Star Wars the Last Jedi makes both Rey and Kylo Ren/ Ben Solo far more interesting characters. It does this both through giving them more conflicts while also creating a twisted storybook connection between the two. Kylo Ren wears, instead of the more sci fi inspired outfit in the Force Awakens, wears a black costume more reminiscent of a medieval knight, being literally  a dark knight in shining armor. The colors black and white have often played a role in Star Wars relationships.  For example, look at Han and Leia in Empire Strikes Back, and Anakin and Padme in Attack of the Clones.  Fate is playing some hand in their connection, with both having dreams and nightmares of each other before they meet. Fates playing a guiding role, as well as the two completing each other and helping each other to solve their conflicts are both classic tropes of the fantasy romance. These dreams and force connections come to them, and they originally try to run away from it, and don’t want to connect. Throughout the film these connections help them learn more about each other and themselves helping them bond and grow on their journeys. While Kylo’s arc isn’t finished, the seeds of romance and redemption have been planted, with him reversing Anakin’s path: growing up with the dark side and power and being tempted into good and the light from their romantic connections. Rey has a massive effect on helping Kylo Ren, just as Ren does on Rey. Ren teaches her the truth about Luke and helps her grow her power.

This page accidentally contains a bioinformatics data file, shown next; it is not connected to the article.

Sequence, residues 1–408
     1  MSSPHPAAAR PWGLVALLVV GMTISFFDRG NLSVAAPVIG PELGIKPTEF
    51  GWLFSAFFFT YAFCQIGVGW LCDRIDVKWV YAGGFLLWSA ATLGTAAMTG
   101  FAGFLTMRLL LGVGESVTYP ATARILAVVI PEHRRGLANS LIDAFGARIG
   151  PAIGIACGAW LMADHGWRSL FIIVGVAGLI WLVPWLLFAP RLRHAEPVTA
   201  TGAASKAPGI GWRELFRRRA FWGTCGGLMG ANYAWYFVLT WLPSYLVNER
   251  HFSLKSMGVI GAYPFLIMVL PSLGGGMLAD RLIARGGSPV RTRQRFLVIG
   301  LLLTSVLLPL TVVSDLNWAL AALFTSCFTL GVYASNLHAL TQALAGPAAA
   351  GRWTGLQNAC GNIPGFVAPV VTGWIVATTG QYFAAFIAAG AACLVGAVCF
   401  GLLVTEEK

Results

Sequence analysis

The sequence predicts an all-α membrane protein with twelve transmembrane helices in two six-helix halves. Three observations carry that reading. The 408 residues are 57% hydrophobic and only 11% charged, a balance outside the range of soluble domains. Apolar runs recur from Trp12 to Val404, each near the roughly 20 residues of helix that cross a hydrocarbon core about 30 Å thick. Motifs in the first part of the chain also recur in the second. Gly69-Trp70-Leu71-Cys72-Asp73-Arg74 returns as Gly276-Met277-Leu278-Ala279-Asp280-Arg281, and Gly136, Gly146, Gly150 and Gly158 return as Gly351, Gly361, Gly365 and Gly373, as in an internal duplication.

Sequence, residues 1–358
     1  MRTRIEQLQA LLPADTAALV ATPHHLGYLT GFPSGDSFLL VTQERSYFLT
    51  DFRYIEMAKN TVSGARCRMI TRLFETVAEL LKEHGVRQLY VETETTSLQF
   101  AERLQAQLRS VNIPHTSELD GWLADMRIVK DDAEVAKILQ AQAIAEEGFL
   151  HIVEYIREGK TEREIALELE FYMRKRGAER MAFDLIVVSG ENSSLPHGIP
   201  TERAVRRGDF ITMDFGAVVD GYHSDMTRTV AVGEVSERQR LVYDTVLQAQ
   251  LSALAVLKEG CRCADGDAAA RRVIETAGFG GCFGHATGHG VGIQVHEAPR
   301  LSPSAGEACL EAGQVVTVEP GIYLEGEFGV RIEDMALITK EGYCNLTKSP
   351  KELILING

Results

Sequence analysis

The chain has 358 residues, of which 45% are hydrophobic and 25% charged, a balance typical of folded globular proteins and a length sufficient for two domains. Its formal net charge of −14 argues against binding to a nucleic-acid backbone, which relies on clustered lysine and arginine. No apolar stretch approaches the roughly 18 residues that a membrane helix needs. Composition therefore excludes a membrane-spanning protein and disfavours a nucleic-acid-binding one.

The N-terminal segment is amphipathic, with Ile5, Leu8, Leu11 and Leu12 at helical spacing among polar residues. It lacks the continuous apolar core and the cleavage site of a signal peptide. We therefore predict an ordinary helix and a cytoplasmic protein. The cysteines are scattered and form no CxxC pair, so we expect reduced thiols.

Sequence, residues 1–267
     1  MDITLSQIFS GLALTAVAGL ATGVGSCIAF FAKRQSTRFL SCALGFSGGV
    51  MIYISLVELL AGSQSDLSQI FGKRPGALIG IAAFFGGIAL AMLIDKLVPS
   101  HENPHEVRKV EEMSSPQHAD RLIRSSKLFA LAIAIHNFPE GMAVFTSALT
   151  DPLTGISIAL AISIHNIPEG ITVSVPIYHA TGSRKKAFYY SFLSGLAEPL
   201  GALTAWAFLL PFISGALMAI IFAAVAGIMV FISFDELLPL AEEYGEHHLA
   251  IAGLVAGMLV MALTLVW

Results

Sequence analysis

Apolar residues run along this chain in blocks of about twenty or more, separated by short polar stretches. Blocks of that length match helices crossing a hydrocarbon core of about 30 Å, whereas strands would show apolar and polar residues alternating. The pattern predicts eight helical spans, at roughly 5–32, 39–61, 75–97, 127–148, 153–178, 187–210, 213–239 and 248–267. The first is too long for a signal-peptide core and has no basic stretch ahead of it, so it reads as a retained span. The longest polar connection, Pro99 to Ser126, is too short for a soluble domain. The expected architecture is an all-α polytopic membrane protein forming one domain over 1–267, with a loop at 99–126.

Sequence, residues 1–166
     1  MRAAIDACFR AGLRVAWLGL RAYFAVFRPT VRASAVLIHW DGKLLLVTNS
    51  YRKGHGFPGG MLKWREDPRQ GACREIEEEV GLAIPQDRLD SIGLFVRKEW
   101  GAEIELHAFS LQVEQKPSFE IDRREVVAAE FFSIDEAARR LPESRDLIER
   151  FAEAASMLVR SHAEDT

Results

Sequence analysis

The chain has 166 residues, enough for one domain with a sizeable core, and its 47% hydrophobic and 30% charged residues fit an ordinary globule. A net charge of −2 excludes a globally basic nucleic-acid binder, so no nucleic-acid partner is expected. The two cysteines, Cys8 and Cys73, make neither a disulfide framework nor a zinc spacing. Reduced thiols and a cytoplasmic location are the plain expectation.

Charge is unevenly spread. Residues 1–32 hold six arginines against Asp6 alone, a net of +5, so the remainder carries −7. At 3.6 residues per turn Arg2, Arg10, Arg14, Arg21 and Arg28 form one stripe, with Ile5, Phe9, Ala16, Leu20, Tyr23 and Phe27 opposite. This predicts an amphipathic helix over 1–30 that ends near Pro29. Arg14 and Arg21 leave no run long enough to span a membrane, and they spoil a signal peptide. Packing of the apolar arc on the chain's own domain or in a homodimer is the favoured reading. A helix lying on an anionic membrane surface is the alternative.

Rey’s character is vastly improved here from The Force Awakens. The film completely misdirects the audiences who think her parents will be established characters, when they end up being some random people. This emphasizes the film’s main theme: It’s not the past the matters, it’s the future that does. Kylo Ren can still be redeemed, Luke can come back to his heroic ways, the animals on the casino planet can become free, etc.  The parents reveal also shows someone who grow up with no parents and no help, juxtaposed to Kylo Ren growing up with bad parental figures. This emphasizes Rey’s self-determination and will being able to survive on her own for so long.  This great dynamic leads to the phenomenal lightsaber fight with the two versus Snoke’s guards. Ignoring questions of how Snoke can know Kylo’s every thought yet didn’t know Kylo was about to kill Snoke, this is the phenomenal light saber fight afterwards is by far the best scene in the film.